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'Tis the Season to Visit Antarctica

Caption: The Kapitan Khlebnikov cruise ship is a former Russian icebreaker which has been converted to a cruise liner. It makes frequent trips to Antarctica. This photo was taken in McMurdo Sound.
Caption: The Kapitan Khlebnikov cruise ship is a former Russian icebreaker which has been converted to a cruise liner. It makes frequent trips to Antarctica. This photo was taken in McMurdo Sound. (Image credit: Mike Usher/National Science Foundation)

If the talk about the 100th anniversary of the discovery of the South Pole has given you the travel bug, go ahead and cast your gaze south … all the way south. Right now is the middle of the Antarctic tourism season.

One hundred years ago on Dec. 14, Norwegian explorer Roald Amundsen became the first human to reach the South Pole. Today, 30,000 people travel to Antarctica each year during the continent's summer tourism season. As little as $3,000 will get you to the frozen continent; for $30,000, you can get there in style.

The International Association of Antarctic Tour Operators has more than 100 international companies that ferry adventurous passengers to one of the harshest environments on Earth.

Antarctica's wonders — the physical isolation, extreme climate and stunning wilderness — lure tourists from around the globe. Antarctica's modern tourist industry began in 1966, and that early model of linking tourism with education is still followed today by the majority of companies running tours to Antarctica.

According to the Antarctic tour group, 33,824 tourists visited Antarctica in 2010-2011. Americans had the biggest case of Antarctic fever, with 12,629 U.S. tourists traveling to the continent, 37 percent of the total trips. Australia was second, with 9.5 percent of the total trips, and Canada was third at 7.5 percent.

Education mission

Tourism in Antarctica began in the 1950s when guides from Chile and Argentina took more than 500 paying customers to the South Shetland Islands aboard a naval transportation ship. Education was a major theme then, and that emphasis drove Lars-Eric Lindblad to launch the first traveler's expedition to Antarctica in 1966. His tours gave a first-hand experience to tourists about the ecological sensitivity of Antarctic and how it influences the rest of the world.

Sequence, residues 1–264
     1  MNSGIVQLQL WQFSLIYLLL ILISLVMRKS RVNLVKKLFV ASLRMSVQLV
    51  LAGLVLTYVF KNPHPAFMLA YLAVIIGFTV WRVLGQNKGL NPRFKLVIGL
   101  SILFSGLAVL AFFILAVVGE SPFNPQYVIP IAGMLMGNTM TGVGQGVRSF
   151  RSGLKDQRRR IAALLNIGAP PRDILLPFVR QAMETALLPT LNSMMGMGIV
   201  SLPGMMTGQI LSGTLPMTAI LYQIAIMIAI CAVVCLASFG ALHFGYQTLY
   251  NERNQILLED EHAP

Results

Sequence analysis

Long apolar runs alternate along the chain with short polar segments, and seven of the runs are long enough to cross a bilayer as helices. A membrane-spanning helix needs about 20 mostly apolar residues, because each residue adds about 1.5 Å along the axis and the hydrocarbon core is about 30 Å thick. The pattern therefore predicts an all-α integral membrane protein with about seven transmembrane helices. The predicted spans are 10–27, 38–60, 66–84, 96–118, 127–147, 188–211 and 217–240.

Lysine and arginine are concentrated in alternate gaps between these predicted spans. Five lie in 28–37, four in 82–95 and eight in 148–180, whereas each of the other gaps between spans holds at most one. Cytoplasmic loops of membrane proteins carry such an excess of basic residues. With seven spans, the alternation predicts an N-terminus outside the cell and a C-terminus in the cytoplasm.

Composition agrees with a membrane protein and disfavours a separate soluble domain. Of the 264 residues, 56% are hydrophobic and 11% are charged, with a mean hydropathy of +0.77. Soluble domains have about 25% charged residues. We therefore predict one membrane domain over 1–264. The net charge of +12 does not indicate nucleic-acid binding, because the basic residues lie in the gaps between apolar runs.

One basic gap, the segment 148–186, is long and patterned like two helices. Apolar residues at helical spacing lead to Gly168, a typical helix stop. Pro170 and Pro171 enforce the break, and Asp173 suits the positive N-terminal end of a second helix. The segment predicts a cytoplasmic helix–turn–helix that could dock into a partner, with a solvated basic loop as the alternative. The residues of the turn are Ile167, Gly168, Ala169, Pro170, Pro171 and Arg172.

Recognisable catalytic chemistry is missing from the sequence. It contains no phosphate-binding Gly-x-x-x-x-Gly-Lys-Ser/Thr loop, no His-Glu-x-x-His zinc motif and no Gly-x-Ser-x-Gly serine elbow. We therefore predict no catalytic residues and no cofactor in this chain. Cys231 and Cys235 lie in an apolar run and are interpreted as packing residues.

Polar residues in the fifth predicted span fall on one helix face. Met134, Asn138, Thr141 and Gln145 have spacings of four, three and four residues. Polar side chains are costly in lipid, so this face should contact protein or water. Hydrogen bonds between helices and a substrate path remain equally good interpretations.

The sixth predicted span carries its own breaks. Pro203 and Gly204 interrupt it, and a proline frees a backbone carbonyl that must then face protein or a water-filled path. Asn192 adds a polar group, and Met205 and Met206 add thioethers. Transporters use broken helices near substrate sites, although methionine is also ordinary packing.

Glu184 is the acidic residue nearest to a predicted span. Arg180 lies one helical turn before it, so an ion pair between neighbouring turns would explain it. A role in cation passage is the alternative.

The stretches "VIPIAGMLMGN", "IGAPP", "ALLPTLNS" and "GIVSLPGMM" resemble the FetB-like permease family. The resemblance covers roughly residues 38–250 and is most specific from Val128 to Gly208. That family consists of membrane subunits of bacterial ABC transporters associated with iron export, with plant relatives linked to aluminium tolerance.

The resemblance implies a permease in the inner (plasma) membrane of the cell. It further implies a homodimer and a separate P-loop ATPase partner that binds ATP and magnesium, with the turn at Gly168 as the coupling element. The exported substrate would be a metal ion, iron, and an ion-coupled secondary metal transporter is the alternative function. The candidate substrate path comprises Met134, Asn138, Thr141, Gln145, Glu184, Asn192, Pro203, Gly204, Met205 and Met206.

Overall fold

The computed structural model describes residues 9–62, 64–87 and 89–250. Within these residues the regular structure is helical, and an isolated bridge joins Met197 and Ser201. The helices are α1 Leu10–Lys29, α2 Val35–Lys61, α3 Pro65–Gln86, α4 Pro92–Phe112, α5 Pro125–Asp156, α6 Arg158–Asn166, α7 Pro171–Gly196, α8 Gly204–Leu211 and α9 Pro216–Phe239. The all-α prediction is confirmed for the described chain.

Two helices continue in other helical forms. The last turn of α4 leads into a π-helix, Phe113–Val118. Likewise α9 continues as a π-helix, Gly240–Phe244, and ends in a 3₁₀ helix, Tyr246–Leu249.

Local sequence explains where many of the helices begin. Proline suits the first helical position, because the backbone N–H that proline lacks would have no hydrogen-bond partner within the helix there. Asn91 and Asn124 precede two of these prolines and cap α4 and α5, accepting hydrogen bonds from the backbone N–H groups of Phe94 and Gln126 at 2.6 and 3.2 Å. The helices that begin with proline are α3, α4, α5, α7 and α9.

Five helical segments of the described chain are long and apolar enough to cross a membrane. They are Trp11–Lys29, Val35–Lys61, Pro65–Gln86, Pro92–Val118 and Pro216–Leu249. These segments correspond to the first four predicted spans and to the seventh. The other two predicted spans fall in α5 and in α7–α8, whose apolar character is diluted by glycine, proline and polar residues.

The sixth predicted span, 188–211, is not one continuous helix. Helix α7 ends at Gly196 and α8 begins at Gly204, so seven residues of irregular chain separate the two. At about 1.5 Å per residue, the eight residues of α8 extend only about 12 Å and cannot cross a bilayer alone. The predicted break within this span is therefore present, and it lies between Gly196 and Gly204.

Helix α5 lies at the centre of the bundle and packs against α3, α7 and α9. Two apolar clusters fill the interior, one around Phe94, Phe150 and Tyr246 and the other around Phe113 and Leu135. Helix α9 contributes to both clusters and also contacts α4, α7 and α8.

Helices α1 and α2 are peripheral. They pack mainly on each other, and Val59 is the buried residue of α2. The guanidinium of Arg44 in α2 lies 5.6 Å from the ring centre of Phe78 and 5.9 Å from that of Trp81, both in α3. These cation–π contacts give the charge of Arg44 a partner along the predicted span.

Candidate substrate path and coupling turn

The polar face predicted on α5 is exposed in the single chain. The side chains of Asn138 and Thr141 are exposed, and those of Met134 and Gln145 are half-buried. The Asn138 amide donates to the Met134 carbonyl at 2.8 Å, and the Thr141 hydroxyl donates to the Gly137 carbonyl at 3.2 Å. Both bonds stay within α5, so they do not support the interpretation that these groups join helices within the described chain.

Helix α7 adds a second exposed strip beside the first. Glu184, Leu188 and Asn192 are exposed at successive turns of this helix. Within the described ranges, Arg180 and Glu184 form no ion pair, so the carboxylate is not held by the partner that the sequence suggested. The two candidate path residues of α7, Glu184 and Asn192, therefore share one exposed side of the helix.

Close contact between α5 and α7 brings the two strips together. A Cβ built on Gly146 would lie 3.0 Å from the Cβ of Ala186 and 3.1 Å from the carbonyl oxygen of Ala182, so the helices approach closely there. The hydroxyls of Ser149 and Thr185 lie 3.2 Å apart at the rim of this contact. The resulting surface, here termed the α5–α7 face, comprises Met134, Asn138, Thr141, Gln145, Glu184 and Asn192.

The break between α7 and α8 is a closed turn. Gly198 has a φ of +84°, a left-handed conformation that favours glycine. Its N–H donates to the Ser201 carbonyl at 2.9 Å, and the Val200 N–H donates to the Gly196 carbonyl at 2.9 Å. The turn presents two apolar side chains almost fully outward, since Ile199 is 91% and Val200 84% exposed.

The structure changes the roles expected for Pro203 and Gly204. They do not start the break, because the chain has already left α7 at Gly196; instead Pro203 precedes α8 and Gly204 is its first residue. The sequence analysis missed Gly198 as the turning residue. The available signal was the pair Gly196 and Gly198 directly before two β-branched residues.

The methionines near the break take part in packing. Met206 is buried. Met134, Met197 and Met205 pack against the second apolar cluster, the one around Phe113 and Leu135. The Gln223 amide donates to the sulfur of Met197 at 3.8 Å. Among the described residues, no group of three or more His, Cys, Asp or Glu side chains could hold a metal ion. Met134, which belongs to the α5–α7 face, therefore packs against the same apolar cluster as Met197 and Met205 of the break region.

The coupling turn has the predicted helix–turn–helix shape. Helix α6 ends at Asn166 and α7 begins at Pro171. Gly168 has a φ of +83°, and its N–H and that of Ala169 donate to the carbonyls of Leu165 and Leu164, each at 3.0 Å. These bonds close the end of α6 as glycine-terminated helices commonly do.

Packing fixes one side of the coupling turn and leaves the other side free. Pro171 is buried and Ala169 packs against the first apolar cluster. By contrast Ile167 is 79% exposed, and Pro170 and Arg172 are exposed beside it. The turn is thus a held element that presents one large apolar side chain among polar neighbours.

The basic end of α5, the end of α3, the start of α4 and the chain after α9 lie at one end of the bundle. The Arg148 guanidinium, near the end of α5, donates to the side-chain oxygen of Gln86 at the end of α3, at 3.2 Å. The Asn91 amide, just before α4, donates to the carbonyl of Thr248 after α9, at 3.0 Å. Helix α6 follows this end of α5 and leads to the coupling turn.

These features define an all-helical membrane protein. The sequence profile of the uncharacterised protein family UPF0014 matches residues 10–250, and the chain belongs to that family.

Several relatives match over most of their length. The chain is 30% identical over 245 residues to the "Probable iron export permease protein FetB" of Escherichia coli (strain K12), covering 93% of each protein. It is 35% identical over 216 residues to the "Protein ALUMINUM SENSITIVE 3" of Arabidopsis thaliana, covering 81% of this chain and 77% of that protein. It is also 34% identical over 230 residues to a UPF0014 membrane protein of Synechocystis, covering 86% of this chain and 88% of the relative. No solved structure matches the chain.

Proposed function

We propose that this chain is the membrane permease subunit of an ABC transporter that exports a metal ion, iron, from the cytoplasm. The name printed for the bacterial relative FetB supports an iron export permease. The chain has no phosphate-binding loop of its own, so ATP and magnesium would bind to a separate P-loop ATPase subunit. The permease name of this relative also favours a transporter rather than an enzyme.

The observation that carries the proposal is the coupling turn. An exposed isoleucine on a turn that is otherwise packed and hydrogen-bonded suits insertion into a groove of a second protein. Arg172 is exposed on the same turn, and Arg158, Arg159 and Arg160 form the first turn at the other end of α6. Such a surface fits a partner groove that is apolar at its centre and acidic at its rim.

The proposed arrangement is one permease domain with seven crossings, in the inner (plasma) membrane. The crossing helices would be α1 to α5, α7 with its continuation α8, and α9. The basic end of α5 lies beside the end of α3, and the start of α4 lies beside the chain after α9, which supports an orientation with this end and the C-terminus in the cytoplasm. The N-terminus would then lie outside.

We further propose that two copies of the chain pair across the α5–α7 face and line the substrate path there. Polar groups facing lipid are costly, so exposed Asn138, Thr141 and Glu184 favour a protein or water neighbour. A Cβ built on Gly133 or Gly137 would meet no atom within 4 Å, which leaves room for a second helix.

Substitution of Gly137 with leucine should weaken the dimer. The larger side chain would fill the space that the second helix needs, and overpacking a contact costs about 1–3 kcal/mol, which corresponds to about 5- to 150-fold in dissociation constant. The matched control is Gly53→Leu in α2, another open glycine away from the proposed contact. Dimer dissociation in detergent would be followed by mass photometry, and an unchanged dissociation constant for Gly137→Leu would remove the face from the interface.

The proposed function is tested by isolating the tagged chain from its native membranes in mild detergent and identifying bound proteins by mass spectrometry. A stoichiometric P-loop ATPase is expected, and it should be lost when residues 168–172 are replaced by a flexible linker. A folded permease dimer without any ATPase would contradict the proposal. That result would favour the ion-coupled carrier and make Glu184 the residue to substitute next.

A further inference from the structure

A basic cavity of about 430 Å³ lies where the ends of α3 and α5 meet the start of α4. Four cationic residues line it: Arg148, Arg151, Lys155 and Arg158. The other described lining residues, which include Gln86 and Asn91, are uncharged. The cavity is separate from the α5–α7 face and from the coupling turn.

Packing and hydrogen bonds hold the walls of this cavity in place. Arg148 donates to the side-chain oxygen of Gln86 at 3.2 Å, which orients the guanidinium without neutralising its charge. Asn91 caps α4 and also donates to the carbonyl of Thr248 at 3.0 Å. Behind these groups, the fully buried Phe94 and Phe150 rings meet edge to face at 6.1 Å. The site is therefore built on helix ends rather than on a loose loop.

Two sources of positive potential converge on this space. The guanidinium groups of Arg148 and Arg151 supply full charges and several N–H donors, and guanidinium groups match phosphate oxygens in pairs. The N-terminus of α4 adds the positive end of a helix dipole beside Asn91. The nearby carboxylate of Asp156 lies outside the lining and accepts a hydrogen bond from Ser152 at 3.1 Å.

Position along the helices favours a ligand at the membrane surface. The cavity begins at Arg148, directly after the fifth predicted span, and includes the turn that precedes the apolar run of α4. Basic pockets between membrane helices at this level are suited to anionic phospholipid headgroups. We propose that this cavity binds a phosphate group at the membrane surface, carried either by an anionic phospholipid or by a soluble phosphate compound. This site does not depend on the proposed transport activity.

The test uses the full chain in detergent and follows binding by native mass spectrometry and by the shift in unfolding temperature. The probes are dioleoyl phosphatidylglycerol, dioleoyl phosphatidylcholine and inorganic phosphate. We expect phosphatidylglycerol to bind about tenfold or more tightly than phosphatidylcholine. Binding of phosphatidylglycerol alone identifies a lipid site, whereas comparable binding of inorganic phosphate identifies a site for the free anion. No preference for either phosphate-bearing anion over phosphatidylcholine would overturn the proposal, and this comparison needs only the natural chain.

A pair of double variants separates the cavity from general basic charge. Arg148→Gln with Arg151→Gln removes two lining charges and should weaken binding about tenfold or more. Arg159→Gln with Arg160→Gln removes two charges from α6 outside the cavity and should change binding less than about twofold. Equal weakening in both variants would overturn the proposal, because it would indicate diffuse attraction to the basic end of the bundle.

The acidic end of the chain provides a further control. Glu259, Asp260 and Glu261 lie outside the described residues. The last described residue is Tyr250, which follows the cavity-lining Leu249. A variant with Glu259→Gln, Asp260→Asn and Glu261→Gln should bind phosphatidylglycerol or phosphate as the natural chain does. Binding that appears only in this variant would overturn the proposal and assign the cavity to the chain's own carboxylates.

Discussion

"You can't protect what you don't know," Lindblad once said.

In 1969, Lindblad built the "Lindblad Explorer," dubbed the world's first expedition ship. It was  designed for carrying tourists to the Antarctic, and gave rise to the continent's modern tourism industry. Before the Lindblad ship, the only people on the continent were the early explorers, scientists and those seeking their fortune in the exploitation of seals and whales. [Infographic: Antarctica – 100 Years of Exploration]

By air or by sea

Today, tourism companies must have a permit to visit Antarctica, as required by the Antarctic treaty.Tourism season generally runs from November to late February, summer in the Southern Hemisphere.

Cruises are the most popular way to arrive. Most tourists depart from Ushuaia, Argentina. Some leave from New Zealand aboard an ice-breaker research vessel.

But passengers can't stroll off the cruise ship onto the continent; a raft or helicopter is usually required as a shuttle.

Flying straight to Antarctica is another option. Antarctica Sightseeing Flights, operated by Croydon Travel, have taken more than 30,000 people to Antarctica since 1994. Passengers fly aboard a Qantas Airbus A380 or 747-400 aircraft.

Once on the island, there isn't much to do except explore. Most people mountain climb, ski or visit the South Pole. Every year an adventure race is held on the frozen desert.

One unique experience awaits revelers aboard a New Year's Eve flight to Antarctica.

"On our New Year's Eve Midnight Sun Party Flight passengers will be the first to see the sun in the New Year," according to the Antarctica Sightseeing Flights website. "It is daylight at 12:01 a.m. as we sing "Auld Lang Syne" over the ice and dance in the aisles to a live jazz band."

You can follow OurAmazingPlanet staff writer Brett Israel on Twitter: @btisrael. Follow OurAmazingPlanet for the latest in Earth science and exploration news on Twitter @OAPlanet and on Facebook.

Brett Israel was a staff writer for Live Science with a focus on environmental issues. He holds a bachelor’s degree in biochemistry and molecular biology from The University of Georgia, a master’s degree in journalism from New York University, and has studied doctorate-level biochemistry at Emory University.